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  • Rebecca Day Cutter

Seed Travels

By Rebecca Day Cutter



Artwork with permission by Eber Uzias Cortez Grave


For 16 years, Maya Achi farmers have been traveling from Guatemala to the southwest United States and, more recently, to the Haudenosaunee Territory in the northeast US for a series of knowledge exchanges around the cultivation of amaranth (Amaranthus cruentus). Over time, these exchanges have become known as Seed Travels or Semillas Viajeras.


Seed Travels is inspired by the Campesino a Campesino (farmer to farmer) philosophy of reciprocal action. Farmers from the Global South travel the ancient trade routes to share seeds, seed-saving skills, traditional ways of life, and stories of resilience. Today, Seed Travels is a social movement of 20+ community gardens, farms, and Indigenous-led organizations.


History of Resistance to Colonization and the Persistence of a Seed

It took the Spanish over 200 years, during the 16th and 17th centuries, to overcome the decentralized Mayan Pueblos who resisted the colonization of their territory and the forced conversion to catholicism. Eventually, the colonizers, recognizing how important amaranth was to the Maya, both nutritionally and spiritually, prohibited them from growing this sacred food.


The Maya struggled to maintain their agricultural practices through government-sponsored debt-servitude that forced Indigenous people, pushed off their ancestral lands, to work on large plantations growing crops like indigo, cochineal, cotton, sugar, bananas, and coffee to supply, in part, the industrializing Northeast Atlantic.


In 1945, Guatemala’s first democratically-elected president, Juan José Arévalo, developed social and agrarian reforms that would return arable lands to smallholder farmers. The United Fruit Company (now Chiquita) stood to lose 400,000 acres of unused land. In 1954, Allen Dulles, U.S. Secretary of State and board member of The United Fruit Company, orchestrated a C.I.A. Coup to oust President Jacobo Arbenz, Arévalo’s successor who intended to implement these agrarian reforms. What followed was a series of brutal dictatorships and a 36-year armed conflict that took the lives of over 200,000 Guatemalans. In 2012, human rights activists won the case for genocide, forced disappearances, and crimes against humanity in the Guatemalan court. Many Seed Travels delegates from the Rabinal, Baja Verapaz region are first and second-generation survivors of this genocide.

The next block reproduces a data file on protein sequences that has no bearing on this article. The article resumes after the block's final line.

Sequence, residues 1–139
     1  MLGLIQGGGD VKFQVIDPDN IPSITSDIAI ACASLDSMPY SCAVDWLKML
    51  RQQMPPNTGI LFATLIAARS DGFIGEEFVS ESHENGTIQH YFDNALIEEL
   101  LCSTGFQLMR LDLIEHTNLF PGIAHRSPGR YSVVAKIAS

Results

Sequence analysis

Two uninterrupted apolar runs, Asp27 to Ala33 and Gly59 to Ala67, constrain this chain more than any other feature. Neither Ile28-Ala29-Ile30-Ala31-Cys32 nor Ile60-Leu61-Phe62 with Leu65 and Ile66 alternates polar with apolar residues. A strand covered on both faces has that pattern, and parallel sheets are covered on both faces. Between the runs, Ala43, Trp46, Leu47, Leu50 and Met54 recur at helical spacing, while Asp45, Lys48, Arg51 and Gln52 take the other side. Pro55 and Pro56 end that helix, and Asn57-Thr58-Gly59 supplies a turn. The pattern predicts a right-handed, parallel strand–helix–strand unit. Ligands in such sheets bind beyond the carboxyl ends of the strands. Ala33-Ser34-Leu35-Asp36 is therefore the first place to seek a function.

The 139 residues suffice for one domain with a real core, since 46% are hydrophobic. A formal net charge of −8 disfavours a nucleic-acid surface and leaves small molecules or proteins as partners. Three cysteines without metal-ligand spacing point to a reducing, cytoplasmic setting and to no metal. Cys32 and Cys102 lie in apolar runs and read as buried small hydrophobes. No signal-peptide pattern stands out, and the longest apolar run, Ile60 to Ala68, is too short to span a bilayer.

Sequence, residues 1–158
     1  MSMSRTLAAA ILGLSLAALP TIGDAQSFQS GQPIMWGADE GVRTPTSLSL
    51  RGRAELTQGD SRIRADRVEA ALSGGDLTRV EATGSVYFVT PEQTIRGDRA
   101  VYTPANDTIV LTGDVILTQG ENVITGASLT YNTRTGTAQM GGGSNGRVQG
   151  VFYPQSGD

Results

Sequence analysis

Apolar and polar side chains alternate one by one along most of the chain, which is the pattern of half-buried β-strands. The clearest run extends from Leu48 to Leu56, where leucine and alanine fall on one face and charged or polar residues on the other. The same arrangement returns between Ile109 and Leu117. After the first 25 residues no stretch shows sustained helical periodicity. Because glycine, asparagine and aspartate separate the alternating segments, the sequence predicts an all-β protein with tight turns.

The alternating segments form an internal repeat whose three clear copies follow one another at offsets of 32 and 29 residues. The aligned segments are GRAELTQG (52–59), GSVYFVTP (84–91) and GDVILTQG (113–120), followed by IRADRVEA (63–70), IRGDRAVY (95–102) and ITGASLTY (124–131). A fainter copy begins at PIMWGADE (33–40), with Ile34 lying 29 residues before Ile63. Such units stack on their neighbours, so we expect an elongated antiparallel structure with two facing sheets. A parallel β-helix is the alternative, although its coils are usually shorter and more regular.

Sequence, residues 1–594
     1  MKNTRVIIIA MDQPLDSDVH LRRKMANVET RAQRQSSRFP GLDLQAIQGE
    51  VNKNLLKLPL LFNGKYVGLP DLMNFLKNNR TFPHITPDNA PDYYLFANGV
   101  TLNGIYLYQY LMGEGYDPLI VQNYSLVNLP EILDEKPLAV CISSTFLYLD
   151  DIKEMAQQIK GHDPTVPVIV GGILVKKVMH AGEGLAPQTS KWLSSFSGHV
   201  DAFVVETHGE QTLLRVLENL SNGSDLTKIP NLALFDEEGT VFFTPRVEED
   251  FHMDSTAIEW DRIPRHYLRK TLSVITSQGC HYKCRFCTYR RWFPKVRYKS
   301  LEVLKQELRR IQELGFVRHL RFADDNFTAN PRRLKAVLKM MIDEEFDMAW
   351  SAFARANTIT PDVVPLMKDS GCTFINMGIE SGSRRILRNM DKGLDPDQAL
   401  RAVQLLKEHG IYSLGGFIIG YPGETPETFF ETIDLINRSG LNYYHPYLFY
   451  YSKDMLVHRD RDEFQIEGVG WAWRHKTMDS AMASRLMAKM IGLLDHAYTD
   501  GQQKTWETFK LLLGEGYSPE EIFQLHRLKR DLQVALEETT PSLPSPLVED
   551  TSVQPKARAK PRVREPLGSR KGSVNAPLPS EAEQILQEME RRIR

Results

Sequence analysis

Incidentally, Arévalo, Guatemala’s first democratically-elected president, is the father of today's democratically-elected incoming president, Bernardo Arévalo, whose anti-corruption political party is aptly named “Semillas” or Seeds. Not surprisingly, Guatemala’s ruling class is engaged in a campaign to prevent Arévalo from taking office in January. The Attorney General suspended the “semillas” party and ransacked the electoral office. In October, Guatemalans took to the streets in pro-democracy protests, shutting down highways, schools, and businesses in support of Arévalo.


The practice of cultivating amaranth was nearly eradicated during the scorched-earth policy that destroyed whole villages, burning crops to the ground during Guatemala’s armed conflict from 1960-to 1996. Buried in glass jars and ceramic pots, Maya farmers kept their seeds alive, and little by little, amaranth is showing up once again in gardens and fields from the south to the north.


In a double assault, the 1950s also brought the first waves of “development” to Guatemala in what’s referred to as the Green Revolution. This introduced agrochemicals to farmers and a shift from subsistence farming to export agriculture. Smallholder farmers who traditionally grew for sustenance and local and regional trade now grow hybrid crops in monoculture to sell in larger markets. Because of this, during the pandemic, when all transportation was shut down and the markets were closed, many Guatemalans suffered food shortages. Few communities today grow the varieties of foods and plant medicines necessary to sustain their families. Fortunately, amaranth leaves and seeds - incredible food medicine - can be harvested three times a year in Guatemala’s tropical and subtropical climates.